Valencia Joyner Koomson ’98, MNG ’99 will return for the second semester of her appointment this fall in MIT’s Department of Electrical Engineering and Computer Science. Based at Tufts University, where she is an associate professor in the Department of Electrical and Computer Engineering, Koomson has focused her research on microelectronic systems for cell analysis and biomedical applications. In the past semester, she has served as a judge for the Black Alumni/ae of MIT Research Slam and worked closely with faculty host Professor Akintunde Akinwande.
Luis Gilberto Murillo-Urrutia will continue his appointment in MIT’s Environmental Solutions Initiative. He has 30 years of experience in public policy design, implementation, and advocacy, most notably in the areas of sustainable regional development, environmental protection and management of natural resources, social inclusion, and peace building. At MIT, he has continued his research on environmental justice, with a focus on carbon policy and its impacts on Afro-descendant communities in Colombia.
Sonya T. Smith was the first female professor of mechanical engineering at Howard University. She will join the Department of Aeronautics and Astronautics at MIT. Her research involves computational fluid dynamics and thermal management of electronics for air and space vehicles. She is looking forward to serving as a mentor to underrepresented students across MIT and fostering new research collaborations with her home lab at Howard.
Lawrence Udeigwe is an associate professor of mathematics at Manhattan College and will join MIT’s Department of Brain and Cognitive Sciences. He plans to co-teach a graduate seminar course with Professor James DiCarlo to explore practical and philosophical questions regarding the use of simulations to build theories in neuroscience. Udeigwe also leads the Lorens Chuno group; as a singer-songwriter, his work tackles intersectionality issues faced by contemporary Africans.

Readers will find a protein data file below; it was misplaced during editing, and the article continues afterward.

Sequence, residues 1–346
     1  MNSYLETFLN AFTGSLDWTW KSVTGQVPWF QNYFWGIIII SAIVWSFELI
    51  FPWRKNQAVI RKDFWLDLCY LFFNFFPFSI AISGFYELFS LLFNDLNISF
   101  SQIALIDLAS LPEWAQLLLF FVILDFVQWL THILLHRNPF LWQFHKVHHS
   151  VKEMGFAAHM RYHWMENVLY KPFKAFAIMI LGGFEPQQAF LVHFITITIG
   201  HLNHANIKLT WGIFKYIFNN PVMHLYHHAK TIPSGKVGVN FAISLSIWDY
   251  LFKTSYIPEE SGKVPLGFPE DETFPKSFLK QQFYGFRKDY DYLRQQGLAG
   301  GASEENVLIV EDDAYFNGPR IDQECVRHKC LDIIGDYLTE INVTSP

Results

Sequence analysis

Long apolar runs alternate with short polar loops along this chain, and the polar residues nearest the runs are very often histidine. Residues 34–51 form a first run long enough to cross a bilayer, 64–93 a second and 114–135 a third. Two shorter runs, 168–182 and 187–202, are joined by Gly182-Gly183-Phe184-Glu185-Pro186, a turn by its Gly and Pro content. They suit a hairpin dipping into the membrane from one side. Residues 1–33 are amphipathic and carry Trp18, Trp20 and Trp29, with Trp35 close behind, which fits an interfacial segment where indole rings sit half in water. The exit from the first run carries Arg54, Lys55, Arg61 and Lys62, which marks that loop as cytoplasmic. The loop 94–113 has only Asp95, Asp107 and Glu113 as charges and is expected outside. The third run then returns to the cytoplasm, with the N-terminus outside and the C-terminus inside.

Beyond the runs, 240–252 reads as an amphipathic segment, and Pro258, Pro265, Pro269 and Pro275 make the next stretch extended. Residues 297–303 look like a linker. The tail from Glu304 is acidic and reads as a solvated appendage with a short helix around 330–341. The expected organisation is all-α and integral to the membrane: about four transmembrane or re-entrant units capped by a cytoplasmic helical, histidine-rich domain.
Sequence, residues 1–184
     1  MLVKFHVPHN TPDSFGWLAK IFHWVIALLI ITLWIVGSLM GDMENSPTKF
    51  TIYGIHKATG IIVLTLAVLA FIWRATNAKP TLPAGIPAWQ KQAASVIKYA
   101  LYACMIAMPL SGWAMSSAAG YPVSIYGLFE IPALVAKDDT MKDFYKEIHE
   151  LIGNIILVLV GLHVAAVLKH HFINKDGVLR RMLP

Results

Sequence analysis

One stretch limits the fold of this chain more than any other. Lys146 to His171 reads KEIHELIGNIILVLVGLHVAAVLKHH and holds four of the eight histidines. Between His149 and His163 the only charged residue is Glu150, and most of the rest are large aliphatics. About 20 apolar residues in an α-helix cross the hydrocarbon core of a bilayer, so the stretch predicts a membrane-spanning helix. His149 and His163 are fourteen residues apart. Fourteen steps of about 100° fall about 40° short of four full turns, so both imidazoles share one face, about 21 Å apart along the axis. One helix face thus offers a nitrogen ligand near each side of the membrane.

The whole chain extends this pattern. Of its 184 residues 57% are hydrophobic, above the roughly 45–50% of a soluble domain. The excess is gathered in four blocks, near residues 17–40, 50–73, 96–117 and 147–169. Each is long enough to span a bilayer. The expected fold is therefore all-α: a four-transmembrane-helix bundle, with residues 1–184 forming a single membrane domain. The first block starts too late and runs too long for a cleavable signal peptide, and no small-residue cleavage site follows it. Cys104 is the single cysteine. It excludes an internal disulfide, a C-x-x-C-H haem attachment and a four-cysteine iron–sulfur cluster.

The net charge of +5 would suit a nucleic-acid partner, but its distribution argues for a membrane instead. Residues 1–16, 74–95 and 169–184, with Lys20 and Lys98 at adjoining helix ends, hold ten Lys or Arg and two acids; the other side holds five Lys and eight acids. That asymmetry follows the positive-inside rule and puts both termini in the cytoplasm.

S. Craig Watkins is an internationally recognized expert in media and a professor at the University of Texas at Austin. He will join MIT’s Institute for Data, Systems, and Society to assist in researching the role of big data in enabling deep structural changes with regard to systemic racism. He will continue to expand on his work as founding director of the Institute for Media Innovation at the University of Texas at Austin, exploring the intersections of critical AI studies, critical race studies, and design. He will also work with MIT’s Center for Advanced Virtuality to develop computational systems that support social perspective-taking.
Throughout the 2021-22 academic year, MLK professors and scholars will be presenting their research at a monthly speaker series. Events will be held in an in-person/Zoom hybrid environment. All members of the MIT community are encouraged to attend and hear directly from this year’s cohort of outstanding scholars. To hear more about upcoming events, subscribe to their mailing list.
On Sept. 15, all are invited to join the Institute Community and Equity Office in welcoming the scholars to campus by attending a welcome luncheon.